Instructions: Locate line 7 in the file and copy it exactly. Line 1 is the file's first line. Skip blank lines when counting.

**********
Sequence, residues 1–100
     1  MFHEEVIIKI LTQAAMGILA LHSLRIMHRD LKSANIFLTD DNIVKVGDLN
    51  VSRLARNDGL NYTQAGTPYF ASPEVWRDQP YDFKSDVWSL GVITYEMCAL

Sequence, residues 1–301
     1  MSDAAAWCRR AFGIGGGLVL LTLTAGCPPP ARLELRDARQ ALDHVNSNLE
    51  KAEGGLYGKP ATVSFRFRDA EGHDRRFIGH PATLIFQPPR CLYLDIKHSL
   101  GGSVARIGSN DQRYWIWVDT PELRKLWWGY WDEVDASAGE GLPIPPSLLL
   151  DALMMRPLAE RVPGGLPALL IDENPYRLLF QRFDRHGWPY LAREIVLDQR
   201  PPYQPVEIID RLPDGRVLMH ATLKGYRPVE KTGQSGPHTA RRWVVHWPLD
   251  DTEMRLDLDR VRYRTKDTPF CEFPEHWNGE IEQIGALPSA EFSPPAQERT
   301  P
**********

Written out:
   101  GGSVARIGSN DQRYWIWVDT PELRKLWWGY WDEVDASAGE GLPIPPSLLL